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I20   FODDER AND PASTURE PLANTS.

Alfalfa is ready to cut for seed when about half of the pods have turned brown and the seeds can be easily rubbed out. If al-lowed to develop too far, some of the earliest ripened and most valuable seeds will be lost by shattering.

Harvesting can be done as for Red Clover seed, the handling of the crop being as careful as possible to avoid shattering. For threshing, an ordinary threshing machine may be used, though a clover huller is better.

 

Quality of seed: The seeds are kidney-shaped and yellowish brown, about twice as long as broad. In ordinary Alfalfa their surface is shiny; in the Turkestan variety, owing to a coat of waxy substance which can be easily rubbed off, the surface is dull. The standard weight is sixty pounds to a bushel.

 

Impurities: Alfalfa plants are very tender when young and are easily crowded out by weeds. Running the mowing machine over the field several times during the first season not only destroys the weeds but also strengthens the young Alfalfa plants. Although in old fields the plants are generally very vigorous, they are sometimes choked out in spots by aggressive weeds. To avoid this, the seed should be as clean as possible. The weed seeds most commonly found in commercial Alfalfa are Green Foxtail, Ribgrass, Ragweed, Lamb's Quarters, Chicory, Yellow Foxtail and Smartweed. Noxious weed seeds less frequently found are Docks, Wild Mustard, Night-flowering Catchfly, Bladder Campion, False Flax and Canada Thistle.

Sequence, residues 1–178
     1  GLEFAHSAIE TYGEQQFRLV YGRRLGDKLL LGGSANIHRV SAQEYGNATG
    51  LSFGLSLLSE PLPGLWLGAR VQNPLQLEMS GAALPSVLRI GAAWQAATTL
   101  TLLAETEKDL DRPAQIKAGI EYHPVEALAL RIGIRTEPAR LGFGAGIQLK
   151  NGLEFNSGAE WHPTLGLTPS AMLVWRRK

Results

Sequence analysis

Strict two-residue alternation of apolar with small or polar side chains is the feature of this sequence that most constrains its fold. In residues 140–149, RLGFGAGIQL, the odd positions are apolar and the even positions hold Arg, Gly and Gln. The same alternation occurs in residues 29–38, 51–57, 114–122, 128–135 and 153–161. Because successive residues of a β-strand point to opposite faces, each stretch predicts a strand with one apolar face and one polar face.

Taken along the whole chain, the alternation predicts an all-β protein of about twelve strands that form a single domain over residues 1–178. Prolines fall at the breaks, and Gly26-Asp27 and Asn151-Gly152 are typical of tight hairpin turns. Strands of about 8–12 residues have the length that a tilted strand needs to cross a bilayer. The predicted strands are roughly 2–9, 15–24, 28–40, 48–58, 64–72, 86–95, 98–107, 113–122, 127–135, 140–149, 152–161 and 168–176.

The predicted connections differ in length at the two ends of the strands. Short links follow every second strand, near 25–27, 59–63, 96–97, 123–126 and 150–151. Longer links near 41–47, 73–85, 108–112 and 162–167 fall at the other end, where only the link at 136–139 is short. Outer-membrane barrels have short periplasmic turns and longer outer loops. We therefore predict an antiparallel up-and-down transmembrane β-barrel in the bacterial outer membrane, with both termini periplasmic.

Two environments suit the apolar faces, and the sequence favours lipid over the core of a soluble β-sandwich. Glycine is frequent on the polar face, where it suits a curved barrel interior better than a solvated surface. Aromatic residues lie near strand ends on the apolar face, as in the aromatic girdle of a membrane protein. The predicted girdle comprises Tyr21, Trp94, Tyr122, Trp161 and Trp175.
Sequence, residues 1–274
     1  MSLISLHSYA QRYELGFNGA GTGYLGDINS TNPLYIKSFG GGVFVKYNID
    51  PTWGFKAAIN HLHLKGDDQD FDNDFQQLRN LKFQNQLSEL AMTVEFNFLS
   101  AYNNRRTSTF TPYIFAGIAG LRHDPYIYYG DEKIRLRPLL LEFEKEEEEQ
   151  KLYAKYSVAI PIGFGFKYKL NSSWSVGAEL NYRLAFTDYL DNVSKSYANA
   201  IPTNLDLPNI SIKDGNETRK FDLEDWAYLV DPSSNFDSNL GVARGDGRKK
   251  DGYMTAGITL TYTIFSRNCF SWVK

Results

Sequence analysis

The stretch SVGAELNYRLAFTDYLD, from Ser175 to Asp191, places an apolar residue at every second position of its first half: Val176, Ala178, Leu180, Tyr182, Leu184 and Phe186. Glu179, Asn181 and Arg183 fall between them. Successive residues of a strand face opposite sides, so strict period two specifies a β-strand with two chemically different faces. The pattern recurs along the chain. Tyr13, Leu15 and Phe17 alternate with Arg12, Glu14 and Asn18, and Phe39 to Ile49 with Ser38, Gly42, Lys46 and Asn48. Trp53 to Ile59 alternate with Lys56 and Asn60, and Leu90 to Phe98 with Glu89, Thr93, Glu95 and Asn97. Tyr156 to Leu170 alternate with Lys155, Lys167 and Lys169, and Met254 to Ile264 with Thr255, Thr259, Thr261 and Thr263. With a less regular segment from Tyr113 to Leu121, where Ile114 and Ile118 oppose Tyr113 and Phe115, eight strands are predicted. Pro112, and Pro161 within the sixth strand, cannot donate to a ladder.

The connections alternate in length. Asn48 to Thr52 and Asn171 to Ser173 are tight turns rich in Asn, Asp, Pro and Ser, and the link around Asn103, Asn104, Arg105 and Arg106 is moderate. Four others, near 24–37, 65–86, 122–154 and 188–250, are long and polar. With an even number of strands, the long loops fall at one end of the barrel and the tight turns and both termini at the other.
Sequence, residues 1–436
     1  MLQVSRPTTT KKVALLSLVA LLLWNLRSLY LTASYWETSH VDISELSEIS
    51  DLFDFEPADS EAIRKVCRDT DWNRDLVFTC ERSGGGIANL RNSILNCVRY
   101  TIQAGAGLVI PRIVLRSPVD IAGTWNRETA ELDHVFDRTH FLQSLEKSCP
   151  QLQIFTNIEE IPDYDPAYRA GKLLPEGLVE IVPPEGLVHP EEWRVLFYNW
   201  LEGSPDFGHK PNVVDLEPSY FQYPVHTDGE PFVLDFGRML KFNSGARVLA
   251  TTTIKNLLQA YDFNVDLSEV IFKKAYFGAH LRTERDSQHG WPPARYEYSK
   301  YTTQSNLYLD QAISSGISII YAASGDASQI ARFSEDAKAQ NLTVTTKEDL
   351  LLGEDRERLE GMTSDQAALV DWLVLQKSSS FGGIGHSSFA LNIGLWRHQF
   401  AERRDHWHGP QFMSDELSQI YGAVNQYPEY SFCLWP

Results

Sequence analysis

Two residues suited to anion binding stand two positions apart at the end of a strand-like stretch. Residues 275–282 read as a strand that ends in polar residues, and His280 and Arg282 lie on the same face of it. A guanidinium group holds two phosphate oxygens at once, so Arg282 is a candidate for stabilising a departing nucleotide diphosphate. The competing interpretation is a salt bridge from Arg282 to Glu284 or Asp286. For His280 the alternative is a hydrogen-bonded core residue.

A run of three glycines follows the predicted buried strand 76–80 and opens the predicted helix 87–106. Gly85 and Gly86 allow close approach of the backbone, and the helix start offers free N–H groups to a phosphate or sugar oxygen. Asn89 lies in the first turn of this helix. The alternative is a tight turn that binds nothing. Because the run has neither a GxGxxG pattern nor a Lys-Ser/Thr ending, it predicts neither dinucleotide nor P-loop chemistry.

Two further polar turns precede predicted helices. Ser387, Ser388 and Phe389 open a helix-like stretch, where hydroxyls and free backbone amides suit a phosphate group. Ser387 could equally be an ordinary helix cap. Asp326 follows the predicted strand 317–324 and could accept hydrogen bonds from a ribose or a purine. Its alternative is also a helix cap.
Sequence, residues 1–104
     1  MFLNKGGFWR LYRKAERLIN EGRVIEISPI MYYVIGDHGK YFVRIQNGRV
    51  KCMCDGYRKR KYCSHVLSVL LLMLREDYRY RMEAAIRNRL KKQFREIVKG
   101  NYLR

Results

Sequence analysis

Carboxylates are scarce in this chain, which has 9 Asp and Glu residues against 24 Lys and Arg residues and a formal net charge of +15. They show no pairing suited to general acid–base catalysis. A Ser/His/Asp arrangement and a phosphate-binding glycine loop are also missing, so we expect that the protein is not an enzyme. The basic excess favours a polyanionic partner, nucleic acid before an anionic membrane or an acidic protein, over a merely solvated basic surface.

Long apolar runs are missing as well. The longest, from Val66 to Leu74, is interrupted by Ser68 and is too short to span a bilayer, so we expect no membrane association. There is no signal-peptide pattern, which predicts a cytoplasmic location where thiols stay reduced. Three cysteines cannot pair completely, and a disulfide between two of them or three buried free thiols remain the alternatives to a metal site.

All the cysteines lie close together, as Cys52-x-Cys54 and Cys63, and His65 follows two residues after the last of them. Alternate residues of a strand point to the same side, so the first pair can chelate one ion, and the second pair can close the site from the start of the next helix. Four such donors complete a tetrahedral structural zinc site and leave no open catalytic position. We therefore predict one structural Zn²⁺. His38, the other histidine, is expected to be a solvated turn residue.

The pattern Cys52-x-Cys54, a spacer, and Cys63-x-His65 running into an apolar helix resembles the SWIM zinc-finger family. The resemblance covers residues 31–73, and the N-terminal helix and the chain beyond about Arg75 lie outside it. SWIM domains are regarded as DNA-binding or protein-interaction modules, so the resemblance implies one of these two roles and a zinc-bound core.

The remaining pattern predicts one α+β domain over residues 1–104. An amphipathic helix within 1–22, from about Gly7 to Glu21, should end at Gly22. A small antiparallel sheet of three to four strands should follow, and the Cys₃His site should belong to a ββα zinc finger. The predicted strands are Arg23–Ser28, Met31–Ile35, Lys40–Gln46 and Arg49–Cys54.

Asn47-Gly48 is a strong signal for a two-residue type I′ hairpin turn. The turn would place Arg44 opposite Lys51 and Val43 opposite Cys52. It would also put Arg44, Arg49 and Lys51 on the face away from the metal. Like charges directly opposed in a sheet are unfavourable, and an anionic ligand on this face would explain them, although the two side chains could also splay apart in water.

Diseases: Alfalfa is less troubled with diseases than is Red Clover. It worst enemy is Dodder. Alfalfa Dodder, which is generally Cuscuta Epithymum Murr., is a yellowish parasite without leaves, consisting of a mass of fine threads from which are developed numerous roots called suckers. These suckers penetrate the Alfalfa stems where they absorb the food ready for the use of the host plant. The flowers are white and crowded into rounded clusters. Dodder appears at first in insignificant patches scattered throughout the field. These patches, however, steadily increase and after a few years a field may be so badly infested that the crop is ruined. The best way to avoid this pest is to secure seed absolutely free from it. Should Dodder have established itself in a field, however, the infested plants should be immediately destroyed. Mowing will only remove the Dodder on the upper parts of the Alfalfa; it will not affect that on or near the crown where it lives during the winter.


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